As we know the rocket equation,

$$ \Delta v = v_e \ln\left(\frac{m_i}{m_f}\right) = I_{sp} \ g \ \ln\left(\frac{m_i}{m_f}\right) $$

So do $I_{sp}$ and the mass ratio have an inverse relation, or is it that $I_{sp}$ is inversely related to natural log of the mass ratio?

Does it mean that to have logarithmic relation implies in the short interval (early phase) the difference is very large?

  • $\begingroup$ What do you mean by "in the short interval (early phase)"? There is no reference to time in the equation. Do you mean in the first part of a launch when the payload will be a very small fraction compared to the propellant+rocket structure? Also - what do you mean by difference? Difference between who? (I'm trying to clarify your question, although Russell Borogrove have probably already provided a good answer) $\endgroup$ – BlueCoder Nov 13 '18 at 11:07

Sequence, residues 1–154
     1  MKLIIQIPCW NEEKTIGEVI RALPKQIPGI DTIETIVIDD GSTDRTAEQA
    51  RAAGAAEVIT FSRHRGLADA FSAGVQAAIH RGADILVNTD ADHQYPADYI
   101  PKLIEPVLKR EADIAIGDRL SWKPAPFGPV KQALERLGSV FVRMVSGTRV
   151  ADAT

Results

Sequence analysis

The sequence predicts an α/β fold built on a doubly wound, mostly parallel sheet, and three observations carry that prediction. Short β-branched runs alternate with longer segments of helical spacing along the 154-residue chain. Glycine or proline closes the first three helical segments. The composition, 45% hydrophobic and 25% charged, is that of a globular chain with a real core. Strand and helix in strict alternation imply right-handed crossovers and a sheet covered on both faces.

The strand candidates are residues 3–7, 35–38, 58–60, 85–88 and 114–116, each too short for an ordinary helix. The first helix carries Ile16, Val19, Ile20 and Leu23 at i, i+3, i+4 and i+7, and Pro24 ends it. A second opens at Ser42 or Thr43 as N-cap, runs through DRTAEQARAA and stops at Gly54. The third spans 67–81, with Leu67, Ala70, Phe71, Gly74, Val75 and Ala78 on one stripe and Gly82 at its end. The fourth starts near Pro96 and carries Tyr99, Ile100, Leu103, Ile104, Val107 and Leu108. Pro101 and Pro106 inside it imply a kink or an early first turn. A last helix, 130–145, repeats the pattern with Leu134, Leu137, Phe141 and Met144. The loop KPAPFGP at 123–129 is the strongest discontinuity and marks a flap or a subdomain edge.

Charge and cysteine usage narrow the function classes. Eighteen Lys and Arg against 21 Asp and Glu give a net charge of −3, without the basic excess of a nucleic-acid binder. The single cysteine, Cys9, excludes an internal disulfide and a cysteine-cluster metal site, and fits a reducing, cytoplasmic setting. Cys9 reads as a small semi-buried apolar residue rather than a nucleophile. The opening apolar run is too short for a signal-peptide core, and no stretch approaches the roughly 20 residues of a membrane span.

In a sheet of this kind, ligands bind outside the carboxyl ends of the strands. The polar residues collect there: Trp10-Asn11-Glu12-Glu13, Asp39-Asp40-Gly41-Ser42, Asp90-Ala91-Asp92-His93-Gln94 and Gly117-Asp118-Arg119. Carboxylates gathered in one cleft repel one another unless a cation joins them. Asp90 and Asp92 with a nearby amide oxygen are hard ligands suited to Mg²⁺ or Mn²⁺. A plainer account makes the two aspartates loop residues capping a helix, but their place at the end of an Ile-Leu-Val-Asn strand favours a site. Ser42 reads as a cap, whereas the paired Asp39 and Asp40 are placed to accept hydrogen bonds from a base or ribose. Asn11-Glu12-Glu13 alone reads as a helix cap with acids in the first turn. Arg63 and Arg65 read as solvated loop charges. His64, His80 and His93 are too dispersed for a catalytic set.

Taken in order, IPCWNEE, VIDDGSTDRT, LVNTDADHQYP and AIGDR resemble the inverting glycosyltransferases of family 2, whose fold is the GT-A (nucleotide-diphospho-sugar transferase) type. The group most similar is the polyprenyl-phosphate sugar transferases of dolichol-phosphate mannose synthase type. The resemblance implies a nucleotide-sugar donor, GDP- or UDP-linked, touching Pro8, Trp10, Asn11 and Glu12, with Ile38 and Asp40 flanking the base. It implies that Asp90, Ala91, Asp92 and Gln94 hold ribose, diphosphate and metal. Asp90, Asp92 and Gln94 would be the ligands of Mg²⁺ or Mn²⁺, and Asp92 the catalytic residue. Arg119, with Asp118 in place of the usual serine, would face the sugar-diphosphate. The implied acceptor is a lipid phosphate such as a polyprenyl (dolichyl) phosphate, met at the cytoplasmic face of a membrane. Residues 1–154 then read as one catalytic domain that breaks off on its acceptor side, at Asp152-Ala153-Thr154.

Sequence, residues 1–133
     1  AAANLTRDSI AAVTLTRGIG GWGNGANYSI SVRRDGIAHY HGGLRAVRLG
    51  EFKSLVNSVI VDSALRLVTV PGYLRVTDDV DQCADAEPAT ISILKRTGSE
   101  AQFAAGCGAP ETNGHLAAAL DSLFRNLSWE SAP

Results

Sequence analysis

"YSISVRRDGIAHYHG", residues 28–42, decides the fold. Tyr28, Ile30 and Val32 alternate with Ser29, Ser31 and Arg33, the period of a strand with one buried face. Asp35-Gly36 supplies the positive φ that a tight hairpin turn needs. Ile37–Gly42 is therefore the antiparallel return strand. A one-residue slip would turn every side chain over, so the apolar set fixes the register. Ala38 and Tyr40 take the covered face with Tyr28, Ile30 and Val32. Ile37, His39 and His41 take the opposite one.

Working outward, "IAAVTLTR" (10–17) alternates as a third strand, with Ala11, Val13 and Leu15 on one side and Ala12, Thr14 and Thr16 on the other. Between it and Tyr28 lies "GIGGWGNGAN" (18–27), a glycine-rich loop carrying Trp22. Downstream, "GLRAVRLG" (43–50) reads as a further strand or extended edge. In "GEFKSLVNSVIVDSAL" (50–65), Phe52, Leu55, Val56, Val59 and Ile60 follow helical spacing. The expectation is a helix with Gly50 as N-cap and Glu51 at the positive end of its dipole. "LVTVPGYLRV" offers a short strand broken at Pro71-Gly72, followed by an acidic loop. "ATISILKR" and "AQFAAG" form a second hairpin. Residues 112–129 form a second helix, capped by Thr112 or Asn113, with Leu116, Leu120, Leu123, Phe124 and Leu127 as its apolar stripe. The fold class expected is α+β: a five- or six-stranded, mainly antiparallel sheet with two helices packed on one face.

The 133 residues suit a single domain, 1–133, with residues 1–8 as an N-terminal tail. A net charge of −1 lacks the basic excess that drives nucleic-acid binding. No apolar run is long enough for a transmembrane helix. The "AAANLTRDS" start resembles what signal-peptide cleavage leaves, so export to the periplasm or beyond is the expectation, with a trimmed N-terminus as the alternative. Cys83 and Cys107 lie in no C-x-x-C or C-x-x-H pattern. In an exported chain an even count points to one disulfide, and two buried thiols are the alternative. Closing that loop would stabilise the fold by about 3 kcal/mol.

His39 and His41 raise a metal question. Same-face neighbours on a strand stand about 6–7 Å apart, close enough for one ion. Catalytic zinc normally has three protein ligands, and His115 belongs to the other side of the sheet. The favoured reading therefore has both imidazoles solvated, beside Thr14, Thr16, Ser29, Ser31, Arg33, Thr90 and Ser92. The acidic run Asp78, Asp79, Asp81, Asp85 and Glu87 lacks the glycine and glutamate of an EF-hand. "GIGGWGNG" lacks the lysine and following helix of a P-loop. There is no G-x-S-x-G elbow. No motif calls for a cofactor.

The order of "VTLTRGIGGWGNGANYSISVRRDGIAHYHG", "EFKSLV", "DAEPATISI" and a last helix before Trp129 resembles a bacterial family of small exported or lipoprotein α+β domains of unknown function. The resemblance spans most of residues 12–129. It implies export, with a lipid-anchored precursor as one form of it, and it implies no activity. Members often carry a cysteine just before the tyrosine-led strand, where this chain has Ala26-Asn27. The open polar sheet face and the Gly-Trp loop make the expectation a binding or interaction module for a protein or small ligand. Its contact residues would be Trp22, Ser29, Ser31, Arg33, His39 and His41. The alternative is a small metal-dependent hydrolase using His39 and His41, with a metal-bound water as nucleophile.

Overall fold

$I_{sp}$ is inversely related to log of mass ratio if delta v is held constant, yes, but that's not how the rocket equation is usually applied.

The way the rocket equation is usually applied is that you have a delta-v requirement given by a particular mission -- for example, the 4100 m/s needed to get from low Earth orbit to lunar orbit. Your $v_e$ will be constrained by your available choices of rocket engine, and $m_f$ will be constrained by the payload you're trying to move.

Rearranging the equation to solve for $m_i$ is left as an algebraic exercise.

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